You are 34 Weeks and 3 Days 39 days to go…
As maternity leave approaches, you might be looking for ways to save money, so here are ways to find baby clothes on a budget.
Your baby will often stick his tongue out, as part of the
development of the reflexes needed to feed. The rooting reflex enables
your baby to find the nipple, then the strong suckling reflexes take
over to coordinate breathing, feeding, and swallowing.
Your baby today
Dressing your newborn baby doesn’t have to be expensive.
Don’t be shy about asking friends and family members for hand-me-downs.
Those who aren’t planning any more children will probably be glad to
get rid of them. Get together with your women in your prenatal class,
and arrange a swap session—many moms may have older children of a
different sex than the new baby, and have no need for pink T-shirts, or
polo shirts! While the idea of your baby wearing “used” clothing may
take some getting used to, rest assured that most babywear is hardly
Look on the internet for
end-of-season sales, and even on some of the auction sites, where you
can often pick up designer goodies for a fraction of the original price.
Visit your yard sales or garage sales. Shop around; you don’t have to
pay a lot for items such as sleep sacks and will find inexpensive prices
in the supermarket. Make a purchase with your weekly grocery shopping
and you won’t notice the cost as much.
that you will probably receive numerous gifts of clothing when your baby
is born. If you know exactly what you’d like, you may like to create a
gift registry from a favorite store or ask people for gift certificates
for that store. When looking for more expensive items of clothing, head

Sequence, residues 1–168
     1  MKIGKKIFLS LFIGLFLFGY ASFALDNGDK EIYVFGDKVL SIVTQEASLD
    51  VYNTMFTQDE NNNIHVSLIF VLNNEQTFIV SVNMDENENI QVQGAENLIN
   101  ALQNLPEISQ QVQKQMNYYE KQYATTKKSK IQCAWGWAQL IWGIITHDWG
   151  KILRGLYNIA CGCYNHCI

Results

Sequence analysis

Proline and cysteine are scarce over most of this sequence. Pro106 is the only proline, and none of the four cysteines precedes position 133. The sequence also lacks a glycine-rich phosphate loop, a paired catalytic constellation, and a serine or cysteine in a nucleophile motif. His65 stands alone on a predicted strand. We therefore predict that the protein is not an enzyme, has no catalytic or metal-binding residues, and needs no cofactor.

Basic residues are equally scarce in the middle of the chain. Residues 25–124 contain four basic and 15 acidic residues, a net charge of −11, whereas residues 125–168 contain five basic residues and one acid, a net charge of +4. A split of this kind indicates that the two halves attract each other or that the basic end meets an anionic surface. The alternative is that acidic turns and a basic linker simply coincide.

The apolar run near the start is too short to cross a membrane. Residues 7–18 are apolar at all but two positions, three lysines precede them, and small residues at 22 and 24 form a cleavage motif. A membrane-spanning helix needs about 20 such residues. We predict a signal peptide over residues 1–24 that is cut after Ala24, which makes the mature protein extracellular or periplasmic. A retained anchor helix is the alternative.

for the three- to six-month-old rack, so that your baby will get plenty
of use out of them. It can be disappointing if your newborn only gets a
couple of weeks’ wear out of an outfit you like.
Knitting your own baby clothes is a great way to save money, and it can be rewarding to see your newborn in your own creations.
A little squeamish?
It’s quite normal to feel concerned about getting through labor
on the day, and focusing on your partner and attending to her needs may
help keep you distracted and reduce your anxiety. If possible, try to
develop a good relationship in the coming weeks with your partner’s
caregivers. This way you’ll feel more able to express any worries you’re
having, and hopefully get the reassurance and information you need.
If you find yourself
feeling woozy on the day, try to leave the room since the nurses and
doctor will be focused on caring for your partner. If you don’t have
time to leave the room to seek help when you feel faint, sit down
immediately, with your head lower than your hips, or lie down with your
feet raised. Try to stop yourself from panicking by taking slow, deep
breaths. You’ll find that the feeling passes quickly.
A good tip is to ensure
that you are not too hot and to eat and drink regularly to prevent your
feeling faint due to low blood sugar.